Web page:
How YouTube And The Weather Channel Have Changed Storm Coverage

Good evening everyone. I recently made an update to the web site regarding Hurricane Felix, which made landfall along the Northern coast of Nicaragua early Tuesday morning, but not before it managed to re-intensify into a Category Five Hurricane on the Saffir-Simpson Scale. Felix had gone through an eyewall replacement cycle on Monday night, and had been degraded to a minimal, but still very powerful Category Four storm with maximum sustained winds of 135 miles per hour, gusts in excess of 160 miles per hour, and a minimum central pressure of 953 millibars, or 28.05 inches of Hg (Mercury). In addition, if you haven’t noticed already, I’ve updated the news section with two more articles including one on Hurricane Dean, and another on Hurricane Flossie in the Eastern Pacific. Finally, I continue finishing up my reading of the book, Killer ‘Cane by Robert Mykle, and I should complete the book tonight.

However, what I wanted to talk about tonight is how the internet and video have combined not only to bring the world closer together, but also provide tremendous storm coverage from those, who are actually experiencing it head on. I’ve been looking at some of the video postings to the Weather Channel’s User Video section, and I saw a number of great postings for both recent hurricanes: Dean and Felix. The Hurricane Dean user video page at the Weather Channel had exactly 120 videos posted from all around the Caribbean and Central America including St. Lucia, St. Kitts, Puerto Rico, Dominican Republic, Jamaica, Cayman Islands, Belize, and Mexico. The footage I saw particularly from Jamaica was incredible. Video footage from places such as Red Hills outside of Kingston, and Clarendon, were amazing. There was also nice footage from Grand Cayman and Belize as well as great video of wave action along the coast of the Dominican Republic.

I also took a look at some of the footage from Hurricane Felix collected by TWC Weather Warriors. While much of the storm footage is not as vivid, or exciting as Dean’s was since Felix avoided many land areas during its travels through the Caribbean, it was still nice to see folks capturing the storm from such remote places as Aruba, Bonaire, Curacao, Grenada, and St. Vincent and the Grenadines. Doing this kind of stuff myself, I can truly appreciate what these people are trying to do. Although I’ve never really been caught up in severe weather such as what has transpired in the Caribbean over the past several weeks, I have captured and documented a number of storms in the New Jersey area over the past few years. Despite the fact that some of these people taking videos of storms take dangerous risks, it is a great thing to be able to capture a news story, which a major hurricane such as Dean and Felix are, and be able to provide it to the news outlets to allow viewers a more intimate look at the story from a native person’s perspective. Sometimes, the local people caught up in these maelstorms, or other news stories such as the Virginia Tech shootings know more about the situation occurring as well as the lay of the land, and can give us the true story of what’s happening.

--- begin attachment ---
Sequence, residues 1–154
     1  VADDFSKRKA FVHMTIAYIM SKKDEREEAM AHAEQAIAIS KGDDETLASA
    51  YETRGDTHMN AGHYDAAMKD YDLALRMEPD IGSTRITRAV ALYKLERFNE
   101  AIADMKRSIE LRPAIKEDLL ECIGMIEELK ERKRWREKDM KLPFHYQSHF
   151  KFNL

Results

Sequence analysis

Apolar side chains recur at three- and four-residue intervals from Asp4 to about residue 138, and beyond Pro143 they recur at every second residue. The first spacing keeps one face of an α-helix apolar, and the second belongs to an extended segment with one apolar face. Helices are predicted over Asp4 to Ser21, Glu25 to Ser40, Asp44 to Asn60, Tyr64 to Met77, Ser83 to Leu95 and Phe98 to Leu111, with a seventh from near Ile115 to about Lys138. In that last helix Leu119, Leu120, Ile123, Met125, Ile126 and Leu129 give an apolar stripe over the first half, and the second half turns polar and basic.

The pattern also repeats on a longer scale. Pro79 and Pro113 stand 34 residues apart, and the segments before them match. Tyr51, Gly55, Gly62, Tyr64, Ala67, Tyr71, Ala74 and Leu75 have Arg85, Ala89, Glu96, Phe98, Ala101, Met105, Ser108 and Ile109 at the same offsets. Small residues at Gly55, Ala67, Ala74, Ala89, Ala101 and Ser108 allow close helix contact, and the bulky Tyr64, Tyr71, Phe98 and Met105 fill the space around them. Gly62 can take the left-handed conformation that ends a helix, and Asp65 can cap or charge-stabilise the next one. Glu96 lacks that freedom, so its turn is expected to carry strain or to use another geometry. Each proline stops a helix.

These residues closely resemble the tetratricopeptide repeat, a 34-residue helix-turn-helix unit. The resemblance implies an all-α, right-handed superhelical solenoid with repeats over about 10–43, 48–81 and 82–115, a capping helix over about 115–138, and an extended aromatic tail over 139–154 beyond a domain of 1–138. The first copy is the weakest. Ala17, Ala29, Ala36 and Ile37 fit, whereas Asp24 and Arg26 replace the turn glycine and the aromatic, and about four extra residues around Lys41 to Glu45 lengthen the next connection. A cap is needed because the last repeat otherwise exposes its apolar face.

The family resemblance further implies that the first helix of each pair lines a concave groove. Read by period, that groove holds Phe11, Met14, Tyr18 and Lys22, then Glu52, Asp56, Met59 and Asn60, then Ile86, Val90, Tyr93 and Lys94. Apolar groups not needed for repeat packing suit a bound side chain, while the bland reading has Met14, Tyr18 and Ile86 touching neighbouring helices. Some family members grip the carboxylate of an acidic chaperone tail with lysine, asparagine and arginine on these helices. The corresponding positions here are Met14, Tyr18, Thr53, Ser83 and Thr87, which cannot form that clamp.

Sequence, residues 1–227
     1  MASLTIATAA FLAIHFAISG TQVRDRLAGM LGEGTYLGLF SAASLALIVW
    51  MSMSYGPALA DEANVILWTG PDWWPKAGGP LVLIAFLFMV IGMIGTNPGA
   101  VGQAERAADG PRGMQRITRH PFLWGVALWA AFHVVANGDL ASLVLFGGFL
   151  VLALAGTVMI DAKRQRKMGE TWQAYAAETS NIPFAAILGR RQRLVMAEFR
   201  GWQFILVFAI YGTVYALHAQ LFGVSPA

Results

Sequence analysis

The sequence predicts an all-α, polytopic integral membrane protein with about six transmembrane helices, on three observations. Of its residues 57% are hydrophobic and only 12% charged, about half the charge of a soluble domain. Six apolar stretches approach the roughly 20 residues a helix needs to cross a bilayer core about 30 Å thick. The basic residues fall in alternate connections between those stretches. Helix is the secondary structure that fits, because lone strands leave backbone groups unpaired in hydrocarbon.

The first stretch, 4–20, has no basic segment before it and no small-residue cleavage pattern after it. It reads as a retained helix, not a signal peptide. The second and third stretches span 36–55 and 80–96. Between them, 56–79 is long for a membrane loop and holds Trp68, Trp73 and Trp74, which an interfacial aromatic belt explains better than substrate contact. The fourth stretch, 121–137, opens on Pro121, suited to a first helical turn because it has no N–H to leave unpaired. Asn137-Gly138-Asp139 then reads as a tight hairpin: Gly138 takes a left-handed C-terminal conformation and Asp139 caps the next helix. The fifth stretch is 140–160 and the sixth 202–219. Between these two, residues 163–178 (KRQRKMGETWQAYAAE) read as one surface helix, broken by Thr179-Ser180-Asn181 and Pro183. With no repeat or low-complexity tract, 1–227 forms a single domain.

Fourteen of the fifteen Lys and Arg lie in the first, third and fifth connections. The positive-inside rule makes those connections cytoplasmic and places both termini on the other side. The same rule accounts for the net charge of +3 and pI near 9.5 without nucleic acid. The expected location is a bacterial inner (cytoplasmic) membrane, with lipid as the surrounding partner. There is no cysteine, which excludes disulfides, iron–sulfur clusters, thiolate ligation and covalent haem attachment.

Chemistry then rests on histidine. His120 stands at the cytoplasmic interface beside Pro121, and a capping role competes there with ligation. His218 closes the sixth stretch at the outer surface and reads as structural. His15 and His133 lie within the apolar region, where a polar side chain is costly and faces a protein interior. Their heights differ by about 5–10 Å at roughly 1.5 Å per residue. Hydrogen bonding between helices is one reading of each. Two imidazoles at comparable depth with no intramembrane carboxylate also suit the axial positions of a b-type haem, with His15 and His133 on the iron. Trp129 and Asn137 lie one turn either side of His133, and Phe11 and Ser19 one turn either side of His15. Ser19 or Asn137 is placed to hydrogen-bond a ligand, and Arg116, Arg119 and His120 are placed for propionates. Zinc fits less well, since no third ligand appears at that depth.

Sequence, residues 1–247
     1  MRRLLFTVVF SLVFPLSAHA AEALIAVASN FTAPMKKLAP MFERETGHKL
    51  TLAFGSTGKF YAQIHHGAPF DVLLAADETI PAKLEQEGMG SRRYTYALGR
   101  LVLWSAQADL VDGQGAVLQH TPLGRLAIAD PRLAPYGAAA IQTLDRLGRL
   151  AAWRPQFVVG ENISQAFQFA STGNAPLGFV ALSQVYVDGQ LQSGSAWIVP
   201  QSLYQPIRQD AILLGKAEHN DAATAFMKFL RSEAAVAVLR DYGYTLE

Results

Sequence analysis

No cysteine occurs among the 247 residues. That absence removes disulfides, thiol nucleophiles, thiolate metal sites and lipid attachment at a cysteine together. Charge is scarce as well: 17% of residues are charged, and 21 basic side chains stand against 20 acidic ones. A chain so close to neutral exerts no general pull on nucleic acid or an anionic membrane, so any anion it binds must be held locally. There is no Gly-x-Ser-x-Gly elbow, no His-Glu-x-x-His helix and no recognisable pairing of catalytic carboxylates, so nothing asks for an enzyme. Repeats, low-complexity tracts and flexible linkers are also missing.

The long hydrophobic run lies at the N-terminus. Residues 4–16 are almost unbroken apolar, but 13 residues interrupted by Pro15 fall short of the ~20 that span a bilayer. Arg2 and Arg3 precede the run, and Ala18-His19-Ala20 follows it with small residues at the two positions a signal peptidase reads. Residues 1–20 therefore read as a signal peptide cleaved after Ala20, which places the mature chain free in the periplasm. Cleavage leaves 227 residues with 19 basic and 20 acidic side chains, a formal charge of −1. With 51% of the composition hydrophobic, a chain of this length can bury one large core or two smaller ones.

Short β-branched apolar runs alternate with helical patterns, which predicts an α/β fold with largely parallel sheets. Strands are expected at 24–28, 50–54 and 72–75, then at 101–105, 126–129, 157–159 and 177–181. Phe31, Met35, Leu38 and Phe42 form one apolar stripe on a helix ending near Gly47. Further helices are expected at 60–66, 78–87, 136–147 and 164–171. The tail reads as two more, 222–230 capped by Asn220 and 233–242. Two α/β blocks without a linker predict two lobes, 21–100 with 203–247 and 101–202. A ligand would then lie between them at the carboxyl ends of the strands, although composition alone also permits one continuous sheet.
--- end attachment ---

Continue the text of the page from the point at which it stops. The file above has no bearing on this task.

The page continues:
The combination of the internet with a small video camera, cell phone, or other digital device has changed the media landscape in such a way that anyone can become a news reporter, or cameraman, and bring a major event to homes throughout the world with very little financial cost. One thing that really surprised me in terms of the Dean video is that there was no storm footage from the Yucatan when the storm struck as a Category Five, and the third strongest hurricane to make landfall ever recorded in the Atlantic. Intrigued by what I found at the Weather Channel web site, I decided to move on over to YouTube, and see if I could find more storm footage from both Dean and Felix there. My curiosity was satisifed in that there was plenty of video on Dean hitting the Yucatan including several from Chetumal and Quintana Roo were the storm made its first landfall nearby. One in particular showed footage at the height of the storm as well as photos of the aftermath.

Comparing the two sites, I thought that the footage from the Weather Channel was much better in the sense that it wasn’t from people capturing TV footage on their VCRs, and converting them into stuff to post on YouTube. TWC video coverage was all purely from individuals chasing the storm, and documenting its effects on their area. However, there was plenty more video coverage of the storm damage from the Yucatan on YouTube as supposed to the Weather Channel. Nevertheless, technology has found yet another way to bring weather to your fingertips!